Christie Vetoes New Jersey Sports Betting Bill
New Jersey Governor Chris Christie reversed his own public stance on the topic of legalized sports betting in New Jersey by vetoing a bill that would have allowed the practice within the state, at selected gambling outlets.
The veto came on the last business day before an August 10th deadline, at which point the largely-popular measure would have become law without Christie’s signature. The measure could still become law if a veto override is brought forth in the state’s legislature and approved by two thirds of both state houses, though the chances of a push to launch that override effort remain unclear.
Christie’s veto leaves in place, for the time being, a recent federal appellate court decision that barred New Jersey from implementing legalized sportsbetting in the state, as approved by voter referendum in late 2011. Several national sports organizations sued to prevent the state from implementing its plans, and earlier this year, the US Supreme Court declined to hear the case, leaving the state’s plans barred under the initial terms of the Professional and Amateur Sports Protection Act [PASPA].
However, the appellate ruling left open a legal hole through which the state could have allowed legalized New Jersey sports betting to occur, but without formal state oversight. It was that hole that the measure vetoed by Christie was intended to exploit. The bill, SB 2290, prominently backed by the state’s gambling interests and sponsored by a pro-casino New Jersey legislator, State Sen. Ray Lesniak, was approved by overwhelming margins within days of the previous lawsuit being denied its possible Supreme Court hearing.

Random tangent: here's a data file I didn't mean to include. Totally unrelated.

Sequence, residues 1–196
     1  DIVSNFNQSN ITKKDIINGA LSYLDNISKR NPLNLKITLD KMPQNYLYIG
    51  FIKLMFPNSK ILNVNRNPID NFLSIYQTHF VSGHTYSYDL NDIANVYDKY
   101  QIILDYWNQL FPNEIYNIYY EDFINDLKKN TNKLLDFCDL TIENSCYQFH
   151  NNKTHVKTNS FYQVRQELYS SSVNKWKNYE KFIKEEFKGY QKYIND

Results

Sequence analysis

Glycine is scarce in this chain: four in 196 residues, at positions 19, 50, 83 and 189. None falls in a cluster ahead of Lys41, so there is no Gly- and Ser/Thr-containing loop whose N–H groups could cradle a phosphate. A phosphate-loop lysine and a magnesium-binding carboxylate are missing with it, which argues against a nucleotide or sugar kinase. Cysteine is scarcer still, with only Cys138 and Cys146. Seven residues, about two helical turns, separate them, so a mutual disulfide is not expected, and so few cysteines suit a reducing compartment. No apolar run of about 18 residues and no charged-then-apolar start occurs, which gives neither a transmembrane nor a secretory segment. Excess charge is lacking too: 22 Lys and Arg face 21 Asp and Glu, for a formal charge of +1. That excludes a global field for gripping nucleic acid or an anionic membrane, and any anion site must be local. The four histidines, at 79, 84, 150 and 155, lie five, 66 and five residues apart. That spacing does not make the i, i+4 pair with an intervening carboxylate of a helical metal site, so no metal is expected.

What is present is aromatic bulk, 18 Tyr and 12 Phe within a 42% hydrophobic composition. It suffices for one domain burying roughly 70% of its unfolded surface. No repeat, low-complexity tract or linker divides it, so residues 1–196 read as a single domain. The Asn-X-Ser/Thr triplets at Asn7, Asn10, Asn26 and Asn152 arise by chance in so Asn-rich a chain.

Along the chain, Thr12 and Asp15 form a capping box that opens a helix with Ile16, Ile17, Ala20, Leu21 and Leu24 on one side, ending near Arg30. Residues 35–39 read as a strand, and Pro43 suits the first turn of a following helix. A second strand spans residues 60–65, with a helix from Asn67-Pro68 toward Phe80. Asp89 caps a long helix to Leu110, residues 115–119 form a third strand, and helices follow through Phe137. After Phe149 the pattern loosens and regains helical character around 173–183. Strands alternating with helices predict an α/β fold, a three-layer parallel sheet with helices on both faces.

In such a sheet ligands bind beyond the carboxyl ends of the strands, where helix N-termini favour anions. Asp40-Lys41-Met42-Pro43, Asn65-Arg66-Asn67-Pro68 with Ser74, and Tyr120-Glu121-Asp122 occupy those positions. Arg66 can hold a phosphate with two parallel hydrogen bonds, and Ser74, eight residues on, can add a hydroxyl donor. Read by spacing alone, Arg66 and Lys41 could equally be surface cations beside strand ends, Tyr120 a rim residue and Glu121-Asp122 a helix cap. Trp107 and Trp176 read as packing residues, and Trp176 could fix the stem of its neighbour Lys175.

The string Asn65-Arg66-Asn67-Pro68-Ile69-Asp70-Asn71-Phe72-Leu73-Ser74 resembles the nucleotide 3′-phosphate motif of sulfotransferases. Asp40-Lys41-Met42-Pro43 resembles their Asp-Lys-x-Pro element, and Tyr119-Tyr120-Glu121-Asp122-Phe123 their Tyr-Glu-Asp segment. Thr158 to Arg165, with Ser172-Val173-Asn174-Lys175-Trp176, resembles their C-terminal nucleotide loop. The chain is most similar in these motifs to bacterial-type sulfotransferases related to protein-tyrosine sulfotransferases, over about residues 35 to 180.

SB 2290 was passed nearly unanimously before being sent to Christie’s desk in late June. The state’s Senate approved the workaround on a 38-1-1 count, while the state’s Assembly approved it 63-6-11.
Despite the large initial margins, it remains uncertain that a veto override attempt would be successful. No previous Christie veto has been overridden in a similar matter since he took office, though few such measures have been so widely approved.
Numerous GOP lawmakers would have to go along with the possible override in order for Christie’s veto to be rendered meaningless, and on the national level, the Republican Party has come down strongly against New Jersey’s efforts to implement betting on sports.
Political pressure is believed to be one of the primary causes of Christie’s reversal. The moderate New Jersey governor has openly campaigned as a possible 2016 Presidential candidate. Sports betting and pro-gambling interests in general play very poorly among the Republicans’ conservative base, which renders a disproportionate influence on the Presidential primary process in the United States. Numerous moderate GOP candidacies have been destroyed by the GOP’s far-right wing, and this Christie reversal may be part of an attempt to avoid a similar fate.
Christie himself gave notice on August 1st that he would be vetoing the bill, sending a three-page letter to the state’s Senate regarding that bill. In it, Christie declared that the spirit of the bill was intended to override the federal “rule of law” that was upheld in the earlier appellate decision against the state, and that despite his expressed support for the state’s gaming industry, he could no longer support the bill.
Wrote Christie: “In essence, this bill partially deregulates betting at casinos and racetracks in an effort to sidestep federal law. While I support the intentions of the Legislature to continue our shared commitment to enhancing the economic viability of our gaming industry, I cannot sign this bill… .”
The Christie decision represents a serious blow to the New Jersey casino industry, which had pointed to the possibility of offering legal sports betting as a possible lifeline. In the past year, three of Atlantic City’s 12 casinos have either closed or announced their pending closure, with a fourth, the brand-new Revel, already in bankruptcy proceedings and facing a possible similar fate.